Lee Kirksey, MD  
Cleveland , OH

Specialties: Peripheral Arterial Disease, PAD

Interests: vascular, specialist, treatment options
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Think your having a heart attack? Do you know what to do?

Sep 03, 2012 - 1 comments

Heart Attack


Ghost Stories


atrial fibrillation

The first minutes after the onset of chest pain or stroke are the most critical. Decisions made during this period can great influence that liklihood of success and the degree of recovery following a stroke or heart attack. From NY Times. Anahad OConnor


Anahad O’Connor tackles health myths.
Last week the entertainer Rosie O’Donnell surprised fans when she announced that she recently had a heart attack.

Ms. O’Donnell wrote on her blog that she felt an ache in her chest and soreness in her arms, followed by nausea and a “clammy” feeling. She took an aspirin, she said, but decided against calling 911. The next day she went to a hospital, where she learned one of her coronary arteries was 99 percent blocked, requiring a stent.

“I am lucky to be here,” she wrote. “Know the symptoms, ladies.”

Studies show that for men and women, the symptoms can differ. Men are more likely to experience the classic signs, like chest pain, shortness of breath and radiating pain in the neck and arms. Women are more likely to experience severe fatigue, indigestion and cold sweats.

Despite the differences, the response should be the same: Immediately call 911, then chew an aspirin, said Dr. Noel Bairey Merz, director of the Barbra Streisand Women’s Heart Center at the Cedars-Sinai Heart Institute in Los Angeles.

Some people may suspect that chewing an aspirin, which inhibits platelet activity that could block arteries during an attack, makes little difference. But a study in The American Journal of Cardiology highlighted its importance. In a group of 12 subjects tested in a laboratory, chewing an aspirin tablet for 30 seconds before swallowing on an empty stomach prompted a 50 percent reduction in platelet activity in five minutes. It took 12 minutes to achieve the same effect when the aspirin was swallowed whole.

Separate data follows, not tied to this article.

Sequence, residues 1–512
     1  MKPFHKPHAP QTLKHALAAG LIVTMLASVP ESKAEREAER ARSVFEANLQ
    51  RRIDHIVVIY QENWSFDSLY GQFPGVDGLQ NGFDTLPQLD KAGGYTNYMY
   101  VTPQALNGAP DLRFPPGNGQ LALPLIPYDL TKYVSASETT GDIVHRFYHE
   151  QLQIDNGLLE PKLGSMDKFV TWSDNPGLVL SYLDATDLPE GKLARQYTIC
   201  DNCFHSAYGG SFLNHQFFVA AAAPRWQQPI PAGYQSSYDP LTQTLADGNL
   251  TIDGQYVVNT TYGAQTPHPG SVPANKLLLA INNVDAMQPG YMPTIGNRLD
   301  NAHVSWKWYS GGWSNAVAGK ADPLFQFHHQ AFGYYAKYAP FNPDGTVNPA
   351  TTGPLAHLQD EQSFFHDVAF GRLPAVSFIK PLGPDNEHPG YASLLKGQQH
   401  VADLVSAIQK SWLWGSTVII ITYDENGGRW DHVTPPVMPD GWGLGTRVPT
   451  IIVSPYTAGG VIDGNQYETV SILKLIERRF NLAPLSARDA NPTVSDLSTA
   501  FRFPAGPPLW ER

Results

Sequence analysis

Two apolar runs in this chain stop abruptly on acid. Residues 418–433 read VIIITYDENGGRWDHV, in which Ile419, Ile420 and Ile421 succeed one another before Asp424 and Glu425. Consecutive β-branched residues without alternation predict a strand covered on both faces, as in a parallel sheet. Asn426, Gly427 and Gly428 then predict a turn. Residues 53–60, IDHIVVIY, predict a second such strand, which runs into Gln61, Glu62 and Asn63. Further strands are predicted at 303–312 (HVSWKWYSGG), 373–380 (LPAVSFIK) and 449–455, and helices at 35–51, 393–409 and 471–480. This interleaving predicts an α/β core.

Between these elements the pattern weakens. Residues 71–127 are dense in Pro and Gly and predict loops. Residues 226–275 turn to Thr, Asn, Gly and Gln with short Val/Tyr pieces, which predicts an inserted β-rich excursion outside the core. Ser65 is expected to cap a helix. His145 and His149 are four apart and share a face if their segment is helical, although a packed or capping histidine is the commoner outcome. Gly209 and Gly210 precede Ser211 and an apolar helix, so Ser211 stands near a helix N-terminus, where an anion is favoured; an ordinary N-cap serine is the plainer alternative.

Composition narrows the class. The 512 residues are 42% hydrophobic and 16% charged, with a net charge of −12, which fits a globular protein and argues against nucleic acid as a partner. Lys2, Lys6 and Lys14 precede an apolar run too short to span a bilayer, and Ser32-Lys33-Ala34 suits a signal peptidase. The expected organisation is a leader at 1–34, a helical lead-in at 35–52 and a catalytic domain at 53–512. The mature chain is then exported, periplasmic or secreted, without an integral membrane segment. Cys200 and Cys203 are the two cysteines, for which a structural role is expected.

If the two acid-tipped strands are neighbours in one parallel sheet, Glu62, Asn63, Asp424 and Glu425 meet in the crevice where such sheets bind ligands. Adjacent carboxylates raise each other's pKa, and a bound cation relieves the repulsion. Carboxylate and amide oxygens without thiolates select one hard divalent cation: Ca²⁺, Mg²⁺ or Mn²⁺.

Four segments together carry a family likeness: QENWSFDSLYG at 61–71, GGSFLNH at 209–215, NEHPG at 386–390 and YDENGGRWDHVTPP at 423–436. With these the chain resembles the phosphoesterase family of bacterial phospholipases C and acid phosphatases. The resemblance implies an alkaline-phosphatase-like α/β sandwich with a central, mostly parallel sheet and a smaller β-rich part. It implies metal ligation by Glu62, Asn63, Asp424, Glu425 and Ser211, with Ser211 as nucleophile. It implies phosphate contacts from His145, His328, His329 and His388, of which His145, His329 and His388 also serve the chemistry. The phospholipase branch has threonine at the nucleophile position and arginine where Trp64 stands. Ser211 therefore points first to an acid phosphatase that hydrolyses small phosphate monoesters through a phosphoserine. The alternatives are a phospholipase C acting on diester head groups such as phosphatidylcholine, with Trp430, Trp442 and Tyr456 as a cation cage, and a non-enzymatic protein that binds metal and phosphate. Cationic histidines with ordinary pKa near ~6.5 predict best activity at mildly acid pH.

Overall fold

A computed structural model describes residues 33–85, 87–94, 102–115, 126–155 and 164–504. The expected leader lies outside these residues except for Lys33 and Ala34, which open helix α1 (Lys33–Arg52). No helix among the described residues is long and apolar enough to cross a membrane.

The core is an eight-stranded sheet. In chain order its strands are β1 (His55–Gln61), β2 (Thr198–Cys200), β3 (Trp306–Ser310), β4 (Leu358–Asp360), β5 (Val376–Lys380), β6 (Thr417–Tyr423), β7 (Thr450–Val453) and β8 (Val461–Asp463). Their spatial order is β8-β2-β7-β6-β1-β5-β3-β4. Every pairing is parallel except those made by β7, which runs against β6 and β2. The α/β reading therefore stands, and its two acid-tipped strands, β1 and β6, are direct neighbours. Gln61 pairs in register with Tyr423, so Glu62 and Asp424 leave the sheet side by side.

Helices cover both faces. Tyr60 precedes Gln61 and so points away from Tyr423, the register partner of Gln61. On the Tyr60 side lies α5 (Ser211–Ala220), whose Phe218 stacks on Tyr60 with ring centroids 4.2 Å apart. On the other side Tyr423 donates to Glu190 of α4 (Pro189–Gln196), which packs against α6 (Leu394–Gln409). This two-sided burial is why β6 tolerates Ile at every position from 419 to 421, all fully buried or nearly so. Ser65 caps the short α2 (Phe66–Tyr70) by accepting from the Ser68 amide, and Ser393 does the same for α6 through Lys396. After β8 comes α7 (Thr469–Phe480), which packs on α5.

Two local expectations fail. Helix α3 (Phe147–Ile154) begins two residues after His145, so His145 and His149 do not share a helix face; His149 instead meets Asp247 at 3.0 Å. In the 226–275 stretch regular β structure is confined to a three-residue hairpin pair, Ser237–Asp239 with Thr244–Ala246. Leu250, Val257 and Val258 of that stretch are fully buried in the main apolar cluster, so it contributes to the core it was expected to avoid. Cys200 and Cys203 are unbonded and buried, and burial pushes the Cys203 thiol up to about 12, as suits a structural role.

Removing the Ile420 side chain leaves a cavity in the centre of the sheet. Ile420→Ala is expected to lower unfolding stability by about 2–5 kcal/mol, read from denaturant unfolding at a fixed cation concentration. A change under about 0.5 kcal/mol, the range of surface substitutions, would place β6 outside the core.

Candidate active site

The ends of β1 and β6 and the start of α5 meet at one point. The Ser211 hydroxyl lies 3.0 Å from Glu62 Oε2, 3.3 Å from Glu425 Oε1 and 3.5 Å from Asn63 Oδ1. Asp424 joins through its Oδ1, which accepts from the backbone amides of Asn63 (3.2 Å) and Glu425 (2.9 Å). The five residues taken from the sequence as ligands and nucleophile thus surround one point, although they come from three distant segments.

Dr. Merz said people who suspect they are having an attack should chew one full-strength tablet, which is 325 milligrams. But most important, she added, is to “get to an emergency room.”


If you experience symptoms of a heart attack, dial 911 first, then chew on an aspirin.

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by Nita2622, Dec 06, 2013
Can aortic valve insufficiency cause constant angina? I awoke at 4 am with a heaviness in my chest. Felt like I couldnt catch my breath. Then when I stood I got a feeling like someone was squeezing my left arm. I also experienced near fainting. My ekgs all showed left ventricular hypotrophy. My echo showed moderate aortic regurgitation with right cusp echodense. My stress test indicated no blockages but a problem with pulmonary heart disease, preserved ef of 57% and bracardia.  Doctors in my town wont explain anything other then when chf sets in more they will consider valve surgery.  My heart rate has been staying 50-53 bpm after walking. I am always fatigued, short of breath with movement, and have chest pain everyday. I am worried I am not being properly cared for. I am 35 5'5" 128lbs.

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